In 1891, Leland and Jane Stanford asked White to serve as the first president of the university they had founded in Palo Alto, CA, Stanford University. Although he refused their offer, he did recommend his former student David Starr Jordan.

White died in Ithaca and was interred in Sage Chapel at Cornell.

Contribution to the conflict thesis

At the time of Cornell's founding, White announced that it would be "an asylum for Science—where truth shall be sought for truth's sake, not stretched or cut exactly to fit Revealed Religion". Up to that time, America's private universities were exclusively religious institutions, and generally focused on the liberal arts and religious training (though they were not explicitly antagonistic to science).

In 1869 White gave a lecture on "The Battle-Fields of Science", arguing that history showed the negative outcomes resulting from any attempt on the part of religion to interfere with the progress of science. Over the next 30 years he refined his analysis, expanding his case studies to include nearly every field of science over the entire history of Christianity, but also narrowing his target from "religion" through "ecclesiasticism" to "dogmatic theology."

The final result was the two-volume History of the Warfare of Science with Theology in Christendom (1896). Initially less popular than John William Draper's History of the Conflict between Religion and Science (1874), White's book became an extremely influential text on the relationship between religion and science.

The premise of the book—known as the conflict thesis—was once prevalent, even if already in 1908, it was strongly criticized as antihistorical in the book of historian of medicine James Joseph Walsh, The Popes and Science; the History of the Papal Relations to Science During the Middle Ages and Down to Our Own Time .

Anyway, since the 1970s and 80s, many contemporary historians of science have reevaluated the history of science and religion, finding little evidence for White's claims of widespread conflict. The Christian American Scientific Affiliation, in an address at Westmont College, blamed White for perpetuating a number of scientific myths, such as the idea that Christopher Columbus had to overcome widespread belief in a flat earth and that Charles Darwin's work was generally opposed by the religious authorities.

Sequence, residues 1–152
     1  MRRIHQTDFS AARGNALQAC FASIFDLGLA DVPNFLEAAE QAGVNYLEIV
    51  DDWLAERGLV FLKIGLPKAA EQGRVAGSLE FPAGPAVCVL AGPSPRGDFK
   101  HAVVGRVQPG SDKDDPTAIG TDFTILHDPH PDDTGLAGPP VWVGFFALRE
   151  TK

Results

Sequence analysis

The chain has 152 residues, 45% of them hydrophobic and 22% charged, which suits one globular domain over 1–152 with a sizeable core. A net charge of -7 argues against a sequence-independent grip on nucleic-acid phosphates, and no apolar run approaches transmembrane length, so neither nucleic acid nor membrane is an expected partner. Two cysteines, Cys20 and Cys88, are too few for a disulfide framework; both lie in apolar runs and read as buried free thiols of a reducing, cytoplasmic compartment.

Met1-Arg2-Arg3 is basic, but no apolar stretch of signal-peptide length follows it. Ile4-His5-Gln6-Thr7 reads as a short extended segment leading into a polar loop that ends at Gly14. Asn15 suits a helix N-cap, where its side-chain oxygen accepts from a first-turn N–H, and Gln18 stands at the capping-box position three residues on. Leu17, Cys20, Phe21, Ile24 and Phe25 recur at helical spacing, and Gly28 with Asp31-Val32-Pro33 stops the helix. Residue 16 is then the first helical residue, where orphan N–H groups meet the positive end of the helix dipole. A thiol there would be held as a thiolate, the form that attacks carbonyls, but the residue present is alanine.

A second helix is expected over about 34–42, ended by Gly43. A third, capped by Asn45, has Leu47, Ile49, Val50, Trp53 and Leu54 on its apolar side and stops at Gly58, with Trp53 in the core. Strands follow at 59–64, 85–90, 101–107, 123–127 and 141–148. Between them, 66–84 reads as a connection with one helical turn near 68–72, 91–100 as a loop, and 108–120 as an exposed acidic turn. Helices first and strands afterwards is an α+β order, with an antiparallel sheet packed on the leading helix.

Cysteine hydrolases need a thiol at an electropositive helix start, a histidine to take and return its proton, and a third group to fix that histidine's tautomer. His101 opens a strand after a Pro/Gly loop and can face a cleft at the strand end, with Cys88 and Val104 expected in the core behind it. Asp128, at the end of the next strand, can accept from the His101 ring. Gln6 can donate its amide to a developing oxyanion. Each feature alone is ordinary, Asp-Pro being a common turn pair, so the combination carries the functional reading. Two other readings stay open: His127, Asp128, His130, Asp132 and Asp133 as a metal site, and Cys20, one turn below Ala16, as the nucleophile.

See also

References

Bibliography

Works by White

  • Outlines of a Course of Lectures on History (1861).
  • Syllabus of Lectures on Modern History (1876).
  • A History of the Warfare of Science with Theology in Christendom, 2 vols. (1896), online at Gutenberg text file
  • Seven Great Statesmen in the Warfare of Humanity with Unreason (1910).
  • The Autobiography of Andrew Dickson White (1911), online at Autobiography of Andrew Dickson White: Vol. 1, Vol. 2
  • "Fiat Money Inflation in France" (1912), Free E-Text available at LibertarianPress.com:

Works about White

  • Altschuler, Glenn C. (1979), Andrew D. White — Educator, Historian, Diplomat, Ithaca, NY: Cornell University Press
  • Drechsler, Wolfgang (1989), Andrew D. White in Germany. The Representative of the United States in Berlin, 1879-1881 and 1897-1902, Stuttgart: Heinz
  • Lindberg, David C., and Ronald L. Numbers (1986), "Introduction" to God & Nature: Historical Essays on the Encounter between Christianity and Science, ed. Lindberg and Numbers, Berkeley: University of California Press
  • Lindberg and Numbers (1987), "Beyond War and Peace: A Reappraisal of the Encounter between Christianity and Science", Perspectives on Science and Christian Faith 39:140-149 (accessible through an external link )
  • Engst, Elaine D. and Dimunation, Mark. A Legacy of Ideas: Andrew Dickson White and the Founding of the Cornell University Library (Ithaca: Cornell University Library, 1996) (accessible through an external link )

External links

Cornell University links

Other links